Since Affinity Place first opened to the public nearly a dozen years ago (yes, it’s been that long), the walking track has been a valuable amenity.
Regardless of the season, it’s been a place where people of all ages and fitness levels could gather to exercise. Perhaps they’re looking for a nice leisurely stroll while they socialize with friends. Perhaps they’re speed walking. Or maybe they’re incorporating the track into a jog that will see them run up and down the stairs for each section.
It’s been a well-utilized part of Affinity Place.
And there hasn’t been much talk about it. The only issue that I can recall came a few years ago, when there was speculation the city would start charging people to use the track, a discussion that ended fairly quickly. The city would have needed to have a staff member watching the track at all times, and if people had to purchase a monthly leisure services membership to use the track, the number of users would have declined dramatically.
The Affinity Place walking track is a rarity for municipalities: a recreation amenity that is used regularly, requires little maintenance other than cleaning, is free to use, and is popular and appreciated by users and non-users alike.
The track came up late last year at Estevan city council. The issue was a complaint about fitness classes happening on the track and the concourse level. Estevan city council decided it needed a policy for the track.
I’m not sure why we suddenly need this when it has been largely a problem-free area for more than 11 1/2 years.
Some of the issues discussed shouldn’t require a policy. They should be common sense. No wheels on the walking track, except for strollers and walkers. (Then again, it should be common sense to have a no-wheels policy on the Chamney Running Track near the Estevan Comprehensive School, but I’ve seen a growing number of boneheads using bicycles on that track, despite the damage that bikes cause over time).
Proper footwear is required. Again, it shouldn’t be posted. No sprinting or racing. Makes sense for a two-lane surface.
Perhaps the biggest change might be to have no equipment allowed, including hockey sticks, balls, pucks, pylons, mats, weights or skipping ropes. This was one of the issues that came up at December’s meeting.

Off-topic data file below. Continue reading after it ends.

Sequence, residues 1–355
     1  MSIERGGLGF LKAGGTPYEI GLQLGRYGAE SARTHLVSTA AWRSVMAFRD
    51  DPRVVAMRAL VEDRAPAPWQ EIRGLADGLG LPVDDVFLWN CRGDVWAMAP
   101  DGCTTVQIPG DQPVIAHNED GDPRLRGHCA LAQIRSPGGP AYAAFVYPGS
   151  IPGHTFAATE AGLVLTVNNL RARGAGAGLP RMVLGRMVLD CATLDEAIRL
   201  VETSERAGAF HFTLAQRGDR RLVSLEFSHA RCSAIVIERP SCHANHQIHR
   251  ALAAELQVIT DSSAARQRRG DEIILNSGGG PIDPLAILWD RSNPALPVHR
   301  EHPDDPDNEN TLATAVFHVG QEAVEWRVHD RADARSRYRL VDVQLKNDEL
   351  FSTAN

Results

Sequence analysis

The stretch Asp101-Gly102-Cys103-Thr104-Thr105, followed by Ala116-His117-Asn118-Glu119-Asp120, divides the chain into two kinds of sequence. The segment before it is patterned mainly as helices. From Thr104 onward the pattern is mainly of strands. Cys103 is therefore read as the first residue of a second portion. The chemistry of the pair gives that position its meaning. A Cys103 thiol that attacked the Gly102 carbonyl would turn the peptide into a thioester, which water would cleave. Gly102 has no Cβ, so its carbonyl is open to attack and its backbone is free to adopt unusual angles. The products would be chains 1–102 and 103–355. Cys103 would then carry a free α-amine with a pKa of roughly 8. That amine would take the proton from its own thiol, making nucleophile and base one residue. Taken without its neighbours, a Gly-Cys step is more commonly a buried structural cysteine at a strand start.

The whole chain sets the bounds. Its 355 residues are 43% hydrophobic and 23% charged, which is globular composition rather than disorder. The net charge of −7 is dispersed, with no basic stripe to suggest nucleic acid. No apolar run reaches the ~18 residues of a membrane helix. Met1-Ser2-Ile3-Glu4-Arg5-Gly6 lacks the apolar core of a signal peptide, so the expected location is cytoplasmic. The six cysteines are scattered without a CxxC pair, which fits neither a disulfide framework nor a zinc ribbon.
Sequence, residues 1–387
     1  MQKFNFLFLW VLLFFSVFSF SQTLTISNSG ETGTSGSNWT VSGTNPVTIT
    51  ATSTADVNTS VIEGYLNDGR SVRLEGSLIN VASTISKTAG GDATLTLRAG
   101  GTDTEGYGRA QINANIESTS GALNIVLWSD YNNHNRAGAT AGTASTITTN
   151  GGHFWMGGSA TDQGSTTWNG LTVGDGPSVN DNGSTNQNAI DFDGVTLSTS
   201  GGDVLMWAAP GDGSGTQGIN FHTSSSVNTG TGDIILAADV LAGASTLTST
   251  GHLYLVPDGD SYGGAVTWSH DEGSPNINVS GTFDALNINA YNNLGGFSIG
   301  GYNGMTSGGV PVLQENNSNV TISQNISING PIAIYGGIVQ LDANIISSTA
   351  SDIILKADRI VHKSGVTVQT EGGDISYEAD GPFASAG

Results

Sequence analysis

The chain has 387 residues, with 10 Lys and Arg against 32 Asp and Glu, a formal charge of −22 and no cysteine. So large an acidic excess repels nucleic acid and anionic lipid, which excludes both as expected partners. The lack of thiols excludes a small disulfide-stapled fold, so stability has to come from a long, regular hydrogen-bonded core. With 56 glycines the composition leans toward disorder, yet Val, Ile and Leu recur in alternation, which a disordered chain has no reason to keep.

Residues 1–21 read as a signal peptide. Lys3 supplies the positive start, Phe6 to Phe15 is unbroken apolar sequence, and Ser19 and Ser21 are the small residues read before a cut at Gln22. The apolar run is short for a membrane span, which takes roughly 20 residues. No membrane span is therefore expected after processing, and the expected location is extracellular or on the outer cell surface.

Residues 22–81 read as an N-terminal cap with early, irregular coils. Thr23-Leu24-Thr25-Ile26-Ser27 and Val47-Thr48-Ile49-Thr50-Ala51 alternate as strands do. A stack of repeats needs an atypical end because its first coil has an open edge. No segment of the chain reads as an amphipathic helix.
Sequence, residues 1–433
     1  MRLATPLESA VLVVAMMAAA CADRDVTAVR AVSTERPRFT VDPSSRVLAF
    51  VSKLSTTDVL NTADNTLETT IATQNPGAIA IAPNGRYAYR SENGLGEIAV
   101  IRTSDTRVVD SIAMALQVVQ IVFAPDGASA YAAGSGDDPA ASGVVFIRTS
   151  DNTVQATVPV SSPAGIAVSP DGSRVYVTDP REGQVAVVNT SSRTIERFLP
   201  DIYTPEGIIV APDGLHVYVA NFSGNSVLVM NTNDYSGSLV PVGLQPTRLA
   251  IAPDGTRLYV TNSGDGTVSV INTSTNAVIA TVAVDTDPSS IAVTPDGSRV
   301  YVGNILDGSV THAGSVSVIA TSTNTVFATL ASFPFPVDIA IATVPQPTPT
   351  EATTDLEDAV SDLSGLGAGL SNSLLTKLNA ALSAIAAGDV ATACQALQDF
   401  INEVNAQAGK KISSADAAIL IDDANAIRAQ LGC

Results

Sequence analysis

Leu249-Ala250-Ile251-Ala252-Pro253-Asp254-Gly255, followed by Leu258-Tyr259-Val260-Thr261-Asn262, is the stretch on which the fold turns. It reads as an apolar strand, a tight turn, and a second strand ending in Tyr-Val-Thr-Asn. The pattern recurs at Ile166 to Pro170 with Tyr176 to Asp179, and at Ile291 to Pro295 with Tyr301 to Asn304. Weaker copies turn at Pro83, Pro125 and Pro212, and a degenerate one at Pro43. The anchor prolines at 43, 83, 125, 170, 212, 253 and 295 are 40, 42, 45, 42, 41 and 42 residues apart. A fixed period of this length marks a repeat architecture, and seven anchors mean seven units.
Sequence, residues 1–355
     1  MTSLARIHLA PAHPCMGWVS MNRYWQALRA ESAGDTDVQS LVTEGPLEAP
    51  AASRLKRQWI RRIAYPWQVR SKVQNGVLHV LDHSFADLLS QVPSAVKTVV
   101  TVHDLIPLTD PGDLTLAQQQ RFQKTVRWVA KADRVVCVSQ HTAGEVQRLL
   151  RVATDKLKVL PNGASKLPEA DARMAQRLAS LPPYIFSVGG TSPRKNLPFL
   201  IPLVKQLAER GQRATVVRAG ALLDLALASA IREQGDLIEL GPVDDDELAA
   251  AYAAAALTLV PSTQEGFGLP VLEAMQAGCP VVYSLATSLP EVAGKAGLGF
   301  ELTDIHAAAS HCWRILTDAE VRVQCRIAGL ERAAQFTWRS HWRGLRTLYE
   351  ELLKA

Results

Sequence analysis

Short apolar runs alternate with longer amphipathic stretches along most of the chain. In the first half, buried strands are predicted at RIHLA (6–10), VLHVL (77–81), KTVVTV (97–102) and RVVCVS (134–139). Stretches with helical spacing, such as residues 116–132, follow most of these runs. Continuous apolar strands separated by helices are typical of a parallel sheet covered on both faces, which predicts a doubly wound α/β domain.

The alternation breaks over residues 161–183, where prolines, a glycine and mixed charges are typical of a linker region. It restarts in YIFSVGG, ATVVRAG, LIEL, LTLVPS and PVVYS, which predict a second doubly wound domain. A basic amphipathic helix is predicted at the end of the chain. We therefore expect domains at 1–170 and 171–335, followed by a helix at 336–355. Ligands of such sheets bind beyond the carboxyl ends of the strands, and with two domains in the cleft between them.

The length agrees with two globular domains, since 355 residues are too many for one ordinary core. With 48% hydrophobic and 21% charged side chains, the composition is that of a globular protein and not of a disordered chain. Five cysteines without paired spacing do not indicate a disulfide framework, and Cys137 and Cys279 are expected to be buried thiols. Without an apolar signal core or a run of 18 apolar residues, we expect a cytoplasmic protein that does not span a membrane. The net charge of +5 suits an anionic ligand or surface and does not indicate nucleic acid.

There isn’t a lot of room on the track and the concourse area, but I think there should be enough space to run certain exercises next to the two-lane track with pylons or light weights, as long as they don’t inconvenience other users.
There are also new guidelines for Estevan minor hockey teams and when they can and can’t use the track.
It seems like enforcement is going to be very difficult.
The walking track is particularly valuable during the winter months. I’m sure that the people who use it regularly really missed it when it was shut down for two weeks during the recently curling provincials. And there isn’t a true alternative for the users during the winter months. It was too cold to walk during the coldest days, and a lot of people aren’t keen to walk outdoors when it’s -5 C, either.
Many of the people who use the track for walking likely aren’t going to feel comfortable in a gym, no matter how hard a gym will try to be welcoming.
There are a lot of people who need the track for winter jogging, too.
During the summer months, people have options for walking, including the track near the Estevan Comprehensive School or the city’s pathway system.
It’s a balance the city needs to maintain. You need to have a place where people feel comfortable to walk casually, but you also have to remember that there are other people need the track for a more vigourous workout.
Ultimately, it’s incumbent on users to respect each other. It can mean staying out of the way of others, remembering that there are just two lanes on the track. Sometimes, you have to watch out for slower people.
Sometimes, it means remembering that you might need to walk single file so you don’t slow down the joggers.
And sometimes it means remembering that there are those slower than you on the track.
If there is a problem, take it up with that person in a courteous, friendly manner before griping to the city.